In patients with chronic obstructive pulmonary disease (COPD), symptoms like dyspnea, wheezing, and coughing are common and indicate a faster disease progression and higher mortality. These symptoms can be caused by various factors, including muscle weakness, airway obstruction, chronic inflammation, and structural changes in the airways. Studies have shown that airflow turbulence and particle deposition increase with surface roughness of the trachea, and histopathological evidence suggests similar inflammation and remodelling occur in both central and peripheral airways. However, current methods for assessing tracheal abnormalities are limited in their ability to capture the overall surface morphology. A recent study published in Radiology Advances aims to develop a new approach using fractal analysis to quantify tracheal surface roughness in COPD patients, expecting it to be higher in COPD individuals and associated with airflow limitation and worsened symptoms like dyspnea, wheezing, and cough.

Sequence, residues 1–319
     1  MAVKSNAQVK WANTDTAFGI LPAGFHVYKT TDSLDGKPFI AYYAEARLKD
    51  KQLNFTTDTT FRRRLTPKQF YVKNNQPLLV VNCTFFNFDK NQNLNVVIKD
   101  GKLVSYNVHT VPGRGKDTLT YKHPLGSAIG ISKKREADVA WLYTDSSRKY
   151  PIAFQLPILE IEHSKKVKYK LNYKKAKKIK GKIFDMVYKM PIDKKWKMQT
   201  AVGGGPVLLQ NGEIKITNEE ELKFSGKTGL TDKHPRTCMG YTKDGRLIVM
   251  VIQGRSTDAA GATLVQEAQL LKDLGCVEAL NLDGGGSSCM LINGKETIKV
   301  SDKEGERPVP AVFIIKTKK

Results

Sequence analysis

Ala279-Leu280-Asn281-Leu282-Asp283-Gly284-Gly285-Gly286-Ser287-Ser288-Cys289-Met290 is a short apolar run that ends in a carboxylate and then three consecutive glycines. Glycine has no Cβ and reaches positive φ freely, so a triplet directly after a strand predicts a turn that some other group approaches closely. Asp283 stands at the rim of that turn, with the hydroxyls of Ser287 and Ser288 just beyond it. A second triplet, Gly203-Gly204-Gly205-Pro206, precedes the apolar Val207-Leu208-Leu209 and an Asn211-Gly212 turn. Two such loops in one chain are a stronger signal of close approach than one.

Study Overview and Participant Demographics